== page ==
665 Johnson Street
Rusk, TX 75785
Monday - Friday 7:30 am - 5:30 pm
Eastern - Western - Venezuelan
Enceplahlitis is an infectious disease of horses caused by any of several viruses, which can also infect humans. The viruses, which begin their life cycles as
parasites of wild birds, are transferred to horses, and from horses to humans, in the salivary glands of mosquitos. The disease, for which no specific treatment is known, can be prevented by annual vaccination of horses. Equine encephalitis
is a serious public-health problem in N South America. In 1991 the Eastern virus infected horses throughout much of the SE United States; five infections of humans
occurred in Florida. In 1992 the virus was first identified in the Asian tiger mosquito, an aggressive feeder on both horses and humans.
The Eastern and Western encephalomyelitis viruses are transmitted mainly by mosquitoes. Normally, these two viruses cycle between birds and mosquitoes. Humans and horses are incidental, dead end hosts.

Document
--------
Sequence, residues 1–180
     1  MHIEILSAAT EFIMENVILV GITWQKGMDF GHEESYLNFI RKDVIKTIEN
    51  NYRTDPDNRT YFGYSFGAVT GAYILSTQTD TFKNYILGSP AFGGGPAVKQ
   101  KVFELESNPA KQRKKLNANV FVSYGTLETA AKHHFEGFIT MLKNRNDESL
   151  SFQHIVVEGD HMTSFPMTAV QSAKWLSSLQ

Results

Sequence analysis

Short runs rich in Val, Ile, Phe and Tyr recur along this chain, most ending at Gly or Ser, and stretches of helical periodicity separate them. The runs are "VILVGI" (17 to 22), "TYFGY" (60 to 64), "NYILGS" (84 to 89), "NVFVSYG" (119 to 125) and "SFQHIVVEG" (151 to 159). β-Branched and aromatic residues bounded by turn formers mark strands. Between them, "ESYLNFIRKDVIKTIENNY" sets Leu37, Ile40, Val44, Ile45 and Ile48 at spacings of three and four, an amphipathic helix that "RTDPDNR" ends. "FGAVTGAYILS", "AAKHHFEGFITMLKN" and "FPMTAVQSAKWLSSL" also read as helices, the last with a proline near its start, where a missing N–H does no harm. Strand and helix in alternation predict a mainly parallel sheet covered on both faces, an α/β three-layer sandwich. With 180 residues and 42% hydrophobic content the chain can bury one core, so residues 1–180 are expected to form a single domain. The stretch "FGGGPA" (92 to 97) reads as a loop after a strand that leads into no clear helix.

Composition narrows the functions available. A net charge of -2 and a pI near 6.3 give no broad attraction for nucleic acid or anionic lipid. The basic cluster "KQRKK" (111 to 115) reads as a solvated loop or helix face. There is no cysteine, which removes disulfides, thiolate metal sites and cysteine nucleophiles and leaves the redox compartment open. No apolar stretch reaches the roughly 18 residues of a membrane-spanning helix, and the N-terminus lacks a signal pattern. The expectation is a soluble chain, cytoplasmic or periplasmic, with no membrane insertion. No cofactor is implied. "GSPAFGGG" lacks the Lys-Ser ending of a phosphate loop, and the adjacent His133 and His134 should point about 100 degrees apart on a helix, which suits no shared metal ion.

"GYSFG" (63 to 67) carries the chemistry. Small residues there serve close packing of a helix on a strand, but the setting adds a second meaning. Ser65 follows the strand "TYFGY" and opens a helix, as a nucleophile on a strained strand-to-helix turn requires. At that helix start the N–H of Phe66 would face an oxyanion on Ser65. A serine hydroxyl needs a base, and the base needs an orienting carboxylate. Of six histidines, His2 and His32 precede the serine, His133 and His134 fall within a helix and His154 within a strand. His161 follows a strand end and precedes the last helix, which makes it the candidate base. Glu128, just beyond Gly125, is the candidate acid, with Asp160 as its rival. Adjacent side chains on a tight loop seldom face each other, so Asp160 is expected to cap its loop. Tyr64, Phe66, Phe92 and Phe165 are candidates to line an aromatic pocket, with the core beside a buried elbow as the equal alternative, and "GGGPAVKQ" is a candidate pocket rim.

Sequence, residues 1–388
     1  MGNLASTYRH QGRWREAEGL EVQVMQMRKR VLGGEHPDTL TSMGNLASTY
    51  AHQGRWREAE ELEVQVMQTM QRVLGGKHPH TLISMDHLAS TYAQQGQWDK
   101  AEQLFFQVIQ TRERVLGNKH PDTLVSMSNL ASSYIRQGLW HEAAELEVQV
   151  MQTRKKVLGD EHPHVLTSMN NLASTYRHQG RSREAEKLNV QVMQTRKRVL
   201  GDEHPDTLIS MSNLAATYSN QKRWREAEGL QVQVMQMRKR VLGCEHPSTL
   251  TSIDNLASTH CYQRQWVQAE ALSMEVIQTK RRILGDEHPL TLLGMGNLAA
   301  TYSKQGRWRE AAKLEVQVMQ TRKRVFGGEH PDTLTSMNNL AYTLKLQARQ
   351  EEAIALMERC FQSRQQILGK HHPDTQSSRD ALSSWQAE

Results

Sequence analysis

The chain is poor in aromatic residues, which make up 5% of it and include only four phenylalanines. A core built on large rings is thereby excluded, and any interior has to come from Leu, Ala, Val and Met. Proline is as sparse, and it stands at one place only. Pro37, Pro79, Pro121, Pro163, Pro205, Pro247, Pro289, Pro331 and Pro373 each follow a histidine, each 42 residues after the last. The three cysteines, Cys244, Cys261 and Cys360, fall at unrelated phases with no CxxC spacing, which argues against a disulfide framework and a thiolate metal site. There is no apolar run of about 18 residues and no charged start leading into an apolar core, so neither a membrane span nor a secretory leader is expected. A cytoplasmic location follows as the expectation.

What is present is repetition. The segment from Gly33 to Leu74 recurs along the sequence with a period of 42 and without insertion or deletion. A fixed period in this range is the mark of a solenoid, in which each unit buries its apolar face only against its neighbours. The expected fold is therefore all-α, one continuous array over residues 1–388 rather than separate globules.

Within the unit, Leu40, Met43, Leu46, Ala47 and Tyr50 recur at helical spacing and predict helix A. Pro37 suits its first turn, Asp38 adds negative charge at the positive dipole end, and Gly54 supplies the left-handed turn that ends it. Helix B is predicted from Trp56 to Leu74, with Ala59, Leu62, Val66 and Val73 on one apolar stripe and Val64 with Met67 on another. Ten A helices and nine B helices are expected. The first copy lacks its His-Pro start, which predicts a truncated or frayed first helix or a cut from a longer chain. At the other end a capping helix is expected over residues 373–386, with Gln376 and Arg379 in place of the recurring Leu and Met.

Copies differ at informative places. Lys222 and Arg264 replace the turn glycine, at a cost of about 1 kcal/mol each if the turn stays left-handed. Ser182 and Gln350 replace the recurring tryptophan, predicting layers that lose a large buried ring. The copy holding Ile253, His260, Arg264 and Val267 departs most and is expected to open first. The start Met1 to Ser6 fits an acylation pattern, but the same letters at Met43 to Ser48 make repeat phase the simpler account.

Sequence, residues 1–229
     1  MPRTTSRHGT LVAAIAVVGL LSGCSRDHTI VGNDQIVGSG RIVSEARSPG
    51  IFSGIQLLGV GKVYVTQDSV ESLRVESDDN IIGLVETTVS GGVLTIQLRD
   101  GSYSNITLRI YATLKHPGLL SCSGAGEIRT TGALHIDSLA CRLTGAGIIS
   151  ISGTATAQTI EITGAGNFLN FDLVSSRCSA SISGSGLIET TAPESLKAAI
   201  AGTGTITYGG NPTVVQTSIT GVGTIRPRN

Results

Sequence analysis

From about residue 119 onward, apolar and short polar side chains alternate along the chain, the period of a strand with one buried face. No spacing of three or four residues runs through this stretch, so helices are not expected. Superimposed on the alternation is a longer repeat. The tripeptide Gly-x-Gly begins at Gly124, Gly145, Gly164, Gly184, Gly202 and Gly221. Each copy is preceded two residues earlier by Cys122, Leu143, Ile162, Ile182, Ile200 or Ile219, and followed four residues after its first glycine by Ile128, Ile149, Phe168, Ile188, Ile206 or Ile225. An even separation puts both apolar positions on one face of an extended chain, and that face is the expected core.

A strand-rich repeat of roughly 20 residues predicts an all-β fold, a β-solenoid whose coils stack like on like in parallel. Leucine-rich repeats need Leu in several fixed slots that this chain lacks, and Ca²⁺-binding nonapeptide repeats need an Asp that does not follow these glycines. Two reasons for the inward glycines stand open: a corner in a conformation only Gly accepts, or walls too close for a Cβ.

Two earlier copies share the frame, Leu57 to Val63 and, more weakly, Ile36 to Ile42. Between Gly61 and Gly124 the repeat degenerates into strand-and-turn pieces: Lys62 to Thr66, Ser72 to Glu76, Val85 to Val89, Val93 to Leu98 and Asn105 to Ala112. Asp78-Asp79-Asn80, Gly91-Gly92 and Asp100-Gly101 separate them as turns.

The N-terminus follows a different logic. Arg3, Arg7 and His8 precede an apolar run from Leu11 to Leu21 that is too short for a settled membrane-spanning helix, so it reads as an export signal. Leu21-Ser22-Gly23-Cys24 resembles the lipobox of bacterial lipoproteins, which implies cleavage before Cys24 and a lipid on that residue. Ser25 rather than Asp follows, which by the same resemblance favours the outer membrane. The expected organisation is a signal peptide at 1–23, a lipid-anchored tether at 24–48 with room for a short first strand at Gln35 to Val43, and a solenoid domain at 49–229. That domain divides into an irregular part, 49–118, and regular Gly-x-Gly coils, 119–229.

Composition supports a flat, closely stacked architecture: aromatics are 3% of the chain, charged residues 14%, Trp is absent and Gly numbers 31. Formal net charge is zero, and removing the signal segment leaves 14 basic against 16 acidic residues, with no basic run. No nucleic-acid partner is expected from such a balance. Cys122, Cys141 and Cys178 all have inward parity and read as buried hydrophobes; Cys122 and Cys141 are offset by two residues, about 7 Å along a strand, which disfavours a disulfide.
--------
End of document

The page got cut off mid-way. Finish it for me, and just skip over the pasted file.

The Venezuelan equine encephalomyelitis viruses are also spread mainly by mosquitoes. The enzootic subtypes of VEE cycle between rodents and mosquitoes, mainly Culex species. Birds may also be involved in some cycles. Humans and horses are incidental hosts.
The symptoms of equine encephalitis include fever, drowsiness, and incoordination, often followed by paralysis and death. The mortality rate is 90%, usually within 2 to 3 days, in the most virulent, Eastern type; and as high as 50% in the Western type. There is no specific treatment.
Prevention is the key! Be sure all water filled containers that may harbor mosquitos be empty.
Above all else - VACCINATE - VACCINATE - VACCINATE!
Contact our office to set up a vacination schedule for your equine family!
|Dr. Anthony Holcomb|
|Dr. Will Prachyl|
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